Salimabromide (pictured) is a natural product that was isolated from marine myxobacteria. It has shown interesting bioactivity in preliminary studies, but it is only available in very small amounts in Nature, which has hampered further investigations. Salimabromide has a benzo-fused [4.3.1] carbon skeleton with four contiguous stereocenters. Its complex structure makes it a challenge for organic synthesis.
Hai-Hua Lu, Westlake University and Westlake Institute for Advanced Study, Hangzhou, China, and colleagues have performed a concise total synthesis of salimabromide. The team started from cycloheptadienone, which was subjected to a tandem Michael/Mukaiyama aldol reaction to attach an aromatic fragment. The addition of methyl lithium and an oxidative rearrangement then led to a precursor for the key step—an intramolecular radical cyclization mediated by hydrogen atom transfer (HAT). This cyclization builds the benzo-fused [4.3.1] carbon skeleton.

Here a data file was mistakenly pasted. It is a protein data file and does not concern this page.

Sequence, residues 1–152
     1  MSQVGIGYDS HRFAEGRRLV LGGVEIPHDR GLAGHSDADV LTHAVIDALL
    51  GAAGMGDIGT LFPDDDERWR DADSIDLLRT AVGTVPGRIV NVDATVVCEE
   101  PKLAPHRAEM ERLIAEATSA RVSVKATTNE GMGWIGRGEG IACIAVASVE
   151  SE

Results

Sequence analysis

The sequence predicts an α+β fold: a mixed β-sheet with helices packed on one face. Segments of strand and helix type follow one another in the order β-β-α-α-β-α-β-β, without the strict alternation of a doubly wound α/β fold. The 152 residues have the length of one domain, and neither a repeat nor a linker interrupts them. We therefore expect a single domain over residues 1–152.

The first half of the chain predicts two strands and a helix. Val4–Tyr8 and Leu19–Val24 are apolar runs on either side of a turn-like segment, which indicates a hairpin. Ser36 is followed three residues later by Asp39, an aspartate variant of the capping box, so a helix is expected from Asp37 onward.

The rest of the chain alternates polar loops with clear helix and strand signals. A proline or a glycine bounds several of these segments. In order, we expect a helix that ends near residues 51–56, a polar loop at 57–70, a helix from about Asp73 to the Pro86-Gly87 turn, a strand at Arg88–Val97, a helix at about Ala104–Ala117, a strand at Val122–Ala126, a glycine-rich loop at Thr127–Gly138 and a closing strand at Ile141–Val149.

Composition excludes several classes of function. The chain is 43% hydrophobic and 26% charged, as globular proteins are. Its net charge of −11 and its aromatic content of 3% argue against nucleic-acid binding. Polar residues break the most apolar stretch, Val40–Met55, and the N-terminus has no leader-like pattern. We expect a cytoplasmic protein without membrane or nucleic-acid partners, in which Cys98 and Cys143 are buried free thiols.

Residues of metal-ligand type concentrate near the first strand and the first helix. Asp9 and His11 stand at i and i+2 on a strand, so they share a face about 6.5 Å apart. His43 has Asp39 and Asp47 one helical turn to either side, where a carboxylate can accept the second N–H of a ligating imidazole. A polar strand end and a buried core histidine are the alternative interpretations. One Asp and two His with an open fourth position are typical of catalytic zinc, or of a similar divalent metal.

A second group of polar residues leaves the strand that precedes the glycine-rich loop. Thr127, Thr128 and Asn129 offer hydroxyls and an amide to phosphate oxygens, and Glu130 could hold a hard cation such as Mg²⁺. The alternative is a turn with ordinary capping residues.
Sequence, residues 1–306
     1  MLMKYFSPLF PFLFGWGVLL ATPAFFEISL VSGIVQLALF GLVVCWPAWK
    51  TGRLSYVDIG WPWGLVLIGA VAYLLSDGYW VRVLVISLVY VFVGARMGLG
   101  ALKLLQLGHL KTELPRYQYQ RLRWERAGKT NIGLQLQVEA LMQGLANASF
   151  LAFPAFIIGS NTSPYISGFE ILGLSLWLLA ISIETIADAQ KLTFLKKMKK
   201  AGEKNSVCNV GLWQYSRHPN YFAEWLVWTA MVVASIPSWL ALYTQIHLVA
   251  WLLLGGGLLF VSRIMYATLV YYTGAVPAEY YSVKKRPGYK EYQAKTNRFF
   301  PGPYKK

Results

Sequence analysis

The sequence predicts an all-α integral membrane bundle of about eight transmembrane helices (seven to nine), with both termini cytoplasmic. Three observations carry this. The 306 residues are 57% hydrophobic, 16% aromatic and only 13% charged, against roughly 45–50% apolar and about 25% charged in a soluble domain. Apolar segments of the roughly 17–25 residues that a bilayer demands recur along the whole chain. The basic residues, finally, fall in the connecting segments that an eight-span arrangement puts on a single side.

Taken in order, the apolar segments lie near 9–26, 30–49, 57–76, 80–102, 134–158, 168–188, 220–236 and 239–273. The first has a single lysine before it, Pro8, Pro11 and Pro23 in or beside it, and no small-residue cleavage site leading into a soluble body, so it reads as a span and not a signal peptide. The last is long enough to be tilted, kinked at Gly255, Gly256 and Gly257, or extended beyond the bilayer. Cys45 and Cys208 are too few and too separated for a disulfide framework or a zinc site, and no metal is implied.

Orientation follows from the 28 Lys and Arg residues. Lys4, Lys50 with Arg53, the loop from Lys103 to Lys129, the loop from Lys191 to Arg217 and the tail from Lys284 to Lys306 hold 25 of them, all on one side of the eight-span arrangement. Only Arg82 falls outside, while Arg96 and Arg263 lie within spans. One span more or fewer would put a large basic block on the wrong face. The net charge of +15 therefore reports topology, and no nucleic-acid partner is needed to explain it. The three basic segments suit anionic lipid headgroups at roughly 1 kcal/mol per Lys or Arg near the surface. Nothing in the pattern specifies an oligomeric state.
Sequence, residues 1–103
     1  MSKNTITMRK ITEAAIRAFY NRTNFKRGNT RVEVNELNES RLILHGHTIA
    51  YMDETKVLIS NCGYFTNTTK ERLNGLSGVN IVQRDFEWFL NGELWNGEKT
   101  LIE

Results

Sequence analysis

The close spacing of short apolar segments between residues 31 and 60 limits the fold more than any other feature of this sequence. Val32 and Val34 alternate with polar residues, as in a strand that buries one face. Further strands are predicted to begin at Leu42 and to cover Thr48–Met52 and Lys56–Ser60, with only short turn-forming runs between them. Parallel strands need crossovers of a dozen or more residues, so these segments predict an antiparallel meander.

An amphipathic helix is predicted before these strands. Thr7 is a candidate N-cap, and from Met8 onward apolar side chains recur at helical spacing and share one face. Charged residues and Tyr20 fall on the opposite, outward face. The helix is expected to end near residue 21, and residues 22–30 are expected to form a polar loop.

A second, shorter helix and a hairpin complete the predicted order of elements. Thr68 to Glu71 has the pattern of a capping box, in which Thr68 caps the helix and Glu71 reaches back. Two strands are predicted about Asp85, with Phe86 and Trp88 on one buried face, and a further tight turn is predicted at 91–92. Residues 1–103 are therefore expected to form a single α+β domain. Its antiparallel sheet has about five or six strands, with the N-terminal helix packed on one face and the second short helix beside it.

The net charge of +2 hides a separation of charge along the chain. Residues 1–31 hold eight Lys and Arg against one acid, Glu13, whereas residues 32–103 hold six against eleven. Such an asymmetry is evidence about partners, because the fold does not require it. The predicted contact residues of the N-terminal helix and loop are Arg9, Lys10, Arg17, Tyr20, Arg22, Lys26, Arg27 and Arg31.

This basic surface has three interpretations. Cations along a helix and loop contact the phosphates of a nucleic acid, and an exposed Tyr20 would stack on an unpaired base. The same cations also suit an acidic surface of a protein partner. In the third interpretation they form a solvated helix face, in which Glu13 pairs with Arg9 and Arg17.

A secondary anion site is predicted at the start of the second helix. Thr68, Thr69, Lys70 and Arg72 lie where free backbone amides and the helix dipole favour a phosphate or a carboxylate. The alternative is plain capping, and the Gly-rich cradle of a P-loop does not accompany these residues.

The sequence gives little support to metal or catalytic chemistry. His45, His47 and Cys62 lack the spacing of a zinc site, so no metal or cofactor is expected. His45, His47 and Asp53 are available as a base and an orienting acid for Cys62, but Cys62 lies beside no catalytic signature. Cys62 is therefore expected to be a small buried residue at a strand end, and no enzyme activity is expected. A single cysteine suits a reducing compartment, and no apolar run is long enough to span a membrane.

Subsequent dehydrogenation, reduction, and dehydration gave a diene, which was then used to form the lactone ring of salimabromide via a tandem oxidative cyclization. Finally, a dibromination of the arene gave the desired salimabromide. The team also performed an enantioselective synthesis of (+)-salimabromide, with the enantioselective hydrogenation of a cycloheptenone intermediate as a key step. According to the researchers, the transformations used in this synthesis could also have other applications in organic synthesis.
- Concise Total Synthesis of Salimabromide,
Hai-Hua Lu, Kang-Ji Gan, Fu-Qiang Ni, Zhihan Zhang, Yao Zhu,
J. Am. Chem. Soc. 2022.